Because that crosses a big line between ‘stopping a crime in progress’ and ‘murder in the form of vigilante justice’.

        • 0 avatar
          SayMyName

          Meh. This little punk deliberately chose to put children and others at direct risk, not once but twice (and was trying for a third.)

          I highly doubt he’s ever going to contribute anything that would offset those selfish and self-entitled choices… so cull him from the herd now, before he pursues even more violent crimes – or, worse, becomes a financial burden on society thanks to his inability to gain meaningful employment.

          • 0 avatar
            slow kills

            Yeah, the truck driver chose to put a child at even more direct risk.
            Who had the intent to kill here, a stupid kid that can’t drive or an adult that deliberately caused a head-on collision?

            Vehicular manslaughter charges against trucko.

        • 0 avatar
          redav

          Correct. That’s the police’s job. Let them shoot the “little sh!t” in the head.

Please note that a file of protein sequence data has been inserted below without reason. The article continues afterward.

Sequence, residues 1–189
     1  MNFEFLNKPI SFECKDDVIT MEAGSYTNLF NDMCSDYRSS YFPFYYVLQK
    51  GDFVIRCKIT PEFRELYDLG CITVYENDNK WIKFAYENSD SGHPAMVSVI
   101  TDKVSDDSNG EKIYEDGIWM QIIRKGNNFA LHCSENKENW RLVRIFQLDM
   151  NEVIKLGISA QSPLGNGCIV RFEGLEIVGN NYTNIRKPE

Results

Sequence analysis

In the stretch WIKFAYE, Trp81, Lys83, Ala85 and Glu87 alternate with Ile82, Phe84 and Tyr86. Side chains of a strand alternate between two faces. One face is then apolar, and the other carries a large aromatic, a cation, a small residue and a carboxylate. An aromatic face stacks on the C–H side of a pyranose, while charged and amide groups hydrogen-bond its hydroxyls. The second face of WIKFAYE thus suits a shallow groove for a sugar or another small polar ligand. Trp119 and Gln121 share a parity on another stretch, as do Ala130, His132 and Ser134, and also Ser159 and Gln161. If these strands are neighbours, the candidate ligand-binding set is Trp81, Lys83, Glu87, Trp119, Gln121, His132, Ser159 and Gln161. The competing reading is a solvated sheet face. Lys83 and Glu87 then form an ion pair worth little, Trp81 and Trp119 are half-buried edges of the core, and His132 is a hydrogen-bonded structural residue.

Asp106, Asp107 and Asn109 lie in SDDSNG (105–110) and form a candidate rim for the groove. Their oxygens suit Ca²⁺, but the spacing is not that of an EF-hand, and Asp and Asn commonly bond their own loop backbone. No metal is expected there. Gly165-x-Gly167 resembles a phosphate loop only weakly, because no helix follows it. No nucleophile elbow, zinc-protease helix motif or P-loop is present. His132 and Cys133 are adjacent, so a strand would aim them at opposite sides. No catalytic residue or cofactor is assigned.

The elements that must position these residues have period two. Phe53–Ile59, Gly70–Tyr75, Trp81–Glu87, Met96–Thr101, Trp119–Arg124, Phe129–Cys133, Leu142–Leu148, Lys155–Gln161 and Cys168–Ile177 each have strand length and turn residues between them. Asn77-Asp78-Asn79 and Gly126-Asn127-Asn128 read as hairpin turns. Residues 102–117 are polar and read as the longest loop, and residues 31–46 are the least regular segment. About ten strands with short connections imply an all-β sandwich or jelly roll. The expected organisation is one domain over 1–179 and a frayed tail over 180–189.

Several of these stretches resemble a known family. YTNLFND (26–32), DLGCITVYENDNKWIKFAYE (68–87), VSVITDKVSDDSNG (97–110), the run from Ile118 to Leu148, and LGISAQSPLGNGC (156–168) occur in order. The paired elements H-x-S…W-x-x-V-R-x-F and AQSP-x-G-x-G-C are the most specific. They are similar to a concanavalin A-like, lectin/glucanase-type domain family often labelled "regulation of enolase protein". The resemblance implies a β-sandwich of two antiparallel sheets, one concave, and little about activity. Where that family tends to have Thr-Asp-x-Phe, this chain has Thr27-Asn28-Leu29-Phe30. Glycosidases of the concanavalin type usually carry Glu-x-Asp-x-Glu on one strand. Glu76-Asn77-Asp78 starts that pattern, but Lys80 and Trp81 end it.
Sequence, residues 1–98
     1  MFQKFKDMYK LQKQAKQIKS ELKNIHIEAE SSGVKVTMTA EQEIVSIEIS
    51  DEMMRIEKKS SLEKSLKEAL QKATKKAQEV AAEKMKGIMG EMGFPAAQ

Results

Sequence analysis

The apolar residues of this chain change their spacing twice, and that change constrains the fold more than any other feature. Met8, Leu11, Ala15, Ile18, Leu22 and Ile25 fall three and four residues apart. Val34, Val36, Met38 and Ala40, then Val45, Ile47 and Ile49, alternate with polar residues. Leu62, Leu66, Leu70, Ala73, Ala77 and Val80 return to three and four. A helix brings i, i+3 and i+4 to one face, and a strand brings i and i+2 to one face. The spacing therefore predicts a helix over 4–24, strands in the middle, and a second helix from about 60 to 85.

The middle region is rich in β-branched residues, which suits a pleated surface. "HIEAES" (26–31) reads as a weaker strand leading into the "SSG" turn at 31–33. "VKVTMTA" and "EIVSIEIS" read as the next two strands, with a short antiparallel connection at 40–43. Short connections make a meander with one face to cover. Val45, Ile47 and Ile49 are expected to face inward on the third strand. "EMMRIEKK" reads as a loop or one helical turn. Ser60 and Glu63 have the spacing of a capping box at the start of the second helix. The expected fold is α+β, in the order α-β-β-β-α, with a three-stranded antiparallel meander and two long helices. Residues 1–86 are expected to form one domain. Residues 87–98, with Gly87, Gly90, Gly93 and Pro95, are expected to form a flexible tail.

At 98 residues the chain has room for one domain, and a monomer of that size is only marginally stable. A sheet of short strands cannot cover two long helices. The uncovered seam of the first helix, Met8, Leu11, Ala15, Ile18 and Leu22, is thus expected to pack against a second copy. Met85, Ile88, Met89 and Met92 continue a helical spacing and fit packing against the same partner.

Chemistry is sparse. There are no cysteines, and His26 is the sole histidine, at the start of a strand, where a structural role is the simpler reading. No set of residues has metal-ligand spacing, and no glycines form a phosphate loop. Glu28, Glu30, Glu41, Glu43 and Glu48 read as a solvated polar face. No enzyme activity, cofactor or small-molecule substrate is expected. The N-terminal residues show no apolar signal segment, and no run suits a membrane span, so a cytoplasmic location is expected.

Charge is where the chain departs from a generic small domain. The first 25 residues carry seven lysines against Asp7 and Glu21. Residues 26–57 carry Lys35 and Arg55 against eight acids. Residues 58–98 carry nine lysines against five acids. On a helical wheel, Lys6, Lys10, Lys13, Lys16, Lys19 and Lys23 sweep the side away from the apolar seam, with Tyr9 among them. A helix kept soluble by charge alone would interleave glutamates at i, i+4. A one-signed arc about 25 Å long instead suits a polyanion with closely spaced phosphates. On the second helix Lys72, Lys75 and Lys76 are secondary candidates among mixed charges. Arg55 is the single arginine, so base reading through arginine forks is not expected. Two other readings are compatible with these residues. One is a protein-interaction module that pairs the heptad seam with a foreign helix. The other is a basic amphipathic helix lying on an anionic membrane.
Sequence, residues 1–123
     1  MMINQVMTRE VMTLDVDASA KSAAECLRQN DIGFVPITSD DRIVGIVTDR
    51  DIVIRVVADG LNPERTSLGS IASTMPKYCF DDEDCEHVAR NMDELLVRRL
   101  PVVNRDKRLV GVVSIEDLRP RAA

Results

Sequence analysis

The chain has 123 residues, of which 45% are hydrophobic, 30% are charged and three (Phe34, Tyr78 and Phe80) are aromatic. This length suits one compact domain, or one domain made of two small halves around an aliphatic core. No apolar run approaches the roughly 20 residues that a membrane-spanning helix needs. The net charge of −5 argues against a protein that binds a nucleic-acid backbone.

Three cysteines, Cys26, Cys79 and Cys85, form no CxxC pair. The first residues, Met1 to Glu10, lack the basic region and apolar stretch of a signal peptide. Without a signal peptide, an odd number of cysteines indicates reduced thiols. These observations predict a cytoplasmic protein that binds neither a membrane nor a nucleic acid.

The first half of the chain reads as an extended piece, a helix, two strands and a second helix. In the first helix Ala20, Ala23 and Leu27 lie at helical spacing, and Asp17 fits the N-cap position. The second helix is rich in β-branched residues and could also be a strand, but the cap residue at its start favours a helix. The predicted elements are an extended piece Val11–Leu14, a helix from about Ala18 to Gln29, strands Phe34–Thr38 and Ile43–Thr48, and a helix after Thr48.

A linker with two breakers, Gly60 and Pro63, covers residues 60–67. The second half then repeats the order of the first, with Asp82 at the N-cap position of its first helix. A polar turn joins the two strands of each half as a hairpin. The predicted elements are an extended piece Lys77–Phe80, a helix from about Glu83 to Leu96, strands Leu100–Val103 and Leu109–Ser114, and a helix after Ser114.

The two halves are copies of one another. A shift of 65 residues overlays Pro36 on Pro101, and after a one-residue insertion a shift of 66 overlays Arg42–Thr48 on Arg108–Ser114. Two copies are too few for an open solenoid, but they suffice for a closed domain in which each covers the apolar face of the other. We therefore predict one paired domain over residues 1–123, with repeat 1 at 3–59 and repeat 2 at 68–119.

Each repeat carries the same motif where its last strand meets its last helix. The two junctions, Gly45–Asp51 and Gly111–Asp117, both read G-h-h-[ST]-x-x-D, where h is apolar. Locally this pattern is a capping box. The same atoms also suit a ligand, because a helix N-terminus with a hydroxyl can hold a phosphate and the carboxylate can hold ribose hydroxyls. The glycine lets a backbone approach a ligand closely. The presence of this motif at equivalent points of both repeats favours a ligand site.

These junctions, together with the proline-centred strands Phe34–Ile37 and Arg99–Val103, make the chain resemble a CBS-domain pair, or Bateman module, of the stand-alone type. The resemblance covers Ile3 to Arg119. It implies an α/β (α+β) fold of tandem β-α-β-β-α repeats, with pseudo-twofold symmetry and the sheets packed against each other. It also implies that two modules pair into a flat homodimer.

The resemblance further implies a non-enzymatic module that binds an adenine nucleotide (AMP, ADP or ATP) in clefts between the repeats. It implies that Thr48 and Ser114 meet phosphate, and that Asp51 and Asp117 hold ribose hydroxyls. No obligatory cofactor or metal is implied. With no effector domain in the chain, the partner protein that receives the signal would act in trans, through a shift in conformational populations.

• 0 avatar
        FreedMike

        Riddle me this, Mr. Law and Order: Let’s say it’s YOUR stupid 14 year old who took YOUR car for a reckless little joyride. Someone pops a cap in his head afterwards, and you’re OK with that, right?

        Yeah, I didn’t think so.

        That, or this is just trolling.

        • 0 avatar
          SayMyName

          Mine never would. See, there’s this thing called “responsible parenting,” maybe you’ve heard of it?

        • 0 avatar
          FreedMike

          Matador, lots of completely responsible parents who would never, ever teach them anything but “how to be responsible” lessons end up with out of control kids. They THINK something along the lines of “my kid would never do that because he’d be dead,” or some such macho thinking, but it happens. In fact, it happened to MY family – my youngest brother was a completely out of control mess until he was in his early 20s. He never pulled anything like what you saw in this video, but what he did pull was certainly bad enough. My parents were completely law abiding, responsible, affluent, reasonably strict parents who never once reinforced that this kind of behavior was even remotely acceptable. And yet my brother went down a very self destructive path, which he was eventually able to pull himself out of.